The opportunity to lead the process from research to implementation ended up being one of my favorites. In what felt like overnight, I became an HR software junkie and our in-house expert, and I loved it. After that, I became the go-to person for assessing and implementing software across the company—I even had the opportunity to help find ATS and IT solutions.

How HR Advanced My Career

In my eight years at Red Frog, I ended up falling in love with the HR space thanks to the wealth of opportunities given to me. However, I reached a point where I wanted to hone in on my favorite parts of my role and step away from my least favorite parts (*cough* administrative work *cough*). After assessing my eight years, I realized what I loved about HR was identifying problems and implementing solutions.

I became so passionate about the solutions I implemented as a buyer of HR software, that I wanted to replicate that experience for others. Unfortunately, within my current role, I didn’t see an opportunity to go deeper on this aspect of the job. Then a light bulb went off! I realized I had basically been acting as a sales consultant, sharing my passion and knowledge for HR software with other HR professionals in Chicago. So I set out to find a sales role within an HR software company, and found a Solution Consultant position at HireVue (another HR software used by Red Frog). The job description for this role sounded perfect—demonstrating the solution through the act of storytelling. It added up! Broadcast background + HR background = Dream job as a Solution Consultant.

Because I had been a buyer, I knew I could empathize with other potential buyers. I could relate to HR scenarios and organizational bottlenecks like recruiter efficiency, time-to-fill, and hiring for quality vs. speed because at some point in my eight years in HR, I had come up against the same problems.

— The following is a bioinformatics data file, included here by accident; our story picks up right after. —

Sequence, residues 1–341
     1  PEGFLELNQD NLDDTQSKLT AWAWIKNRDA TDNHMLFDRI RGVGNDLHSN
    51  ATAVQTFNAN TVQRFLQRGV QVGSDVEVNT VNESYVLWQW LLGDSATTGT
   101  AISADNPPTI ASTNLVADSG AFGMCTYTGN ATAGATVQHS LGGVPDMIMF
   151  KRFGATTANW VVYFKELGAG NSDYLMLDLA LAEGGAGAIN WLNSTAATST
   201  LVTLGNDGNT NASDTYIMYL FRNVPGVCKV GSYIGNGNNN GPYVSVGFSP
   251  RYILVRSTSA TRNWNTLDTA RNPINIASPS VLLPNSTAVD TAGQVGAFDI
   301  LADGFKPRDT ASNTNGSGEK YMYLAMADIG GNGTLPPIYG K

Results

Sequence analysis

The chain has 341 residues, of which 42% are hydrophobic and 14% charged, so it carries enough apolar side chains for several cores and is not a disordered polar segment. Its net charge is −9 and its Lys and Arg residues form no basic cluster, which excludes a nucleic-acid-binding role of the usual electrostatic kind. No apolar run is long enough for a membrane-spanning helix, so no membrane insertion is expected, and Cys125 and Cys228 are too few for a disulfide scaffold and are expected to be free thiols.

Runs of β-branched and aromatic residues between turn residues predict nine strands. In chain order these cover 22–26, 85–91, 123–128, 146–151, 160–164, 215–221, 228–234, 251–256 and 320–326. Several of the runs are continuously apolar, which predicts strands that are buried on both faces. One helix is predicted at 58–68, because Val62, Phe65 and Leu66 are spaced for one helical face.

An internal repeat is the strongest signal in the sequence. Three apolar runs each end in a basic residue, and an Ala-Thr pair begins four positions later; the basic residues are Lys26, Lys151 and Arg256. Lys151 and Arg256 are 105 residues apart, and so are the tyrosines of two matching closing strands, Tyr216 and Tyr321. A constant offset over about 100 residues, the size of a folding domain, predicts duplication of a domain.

As I applied for these more sales-centric positions, I shared my experiences selecting, implementing, and administering solutions through a passionate cover letter and throughout the interview process. With HireVue, I was even able to tell my story (THIS STORY) through a one-way video interview, our primary solution. My experience outside of sales actually worked in my favor. While HR didn’t make me an expert salesperson, it gave me the empathy to understand and relate to people buying HR software.

While there are many career paths within HR, a background in the industry can also be a springboard for other professional paths. Don’t be afraid to take a generalist approach, and learn all aspects of the field.

Get your feet wet, and then hone in on your interests and passions. As you advance in your HR career, don’t forget to take a step back and analyze what your dream job might be—be it a Chief People Officer, Ingenious Engagement Philosopher, or Solution Consultant.

Topics: HR for Humans, HR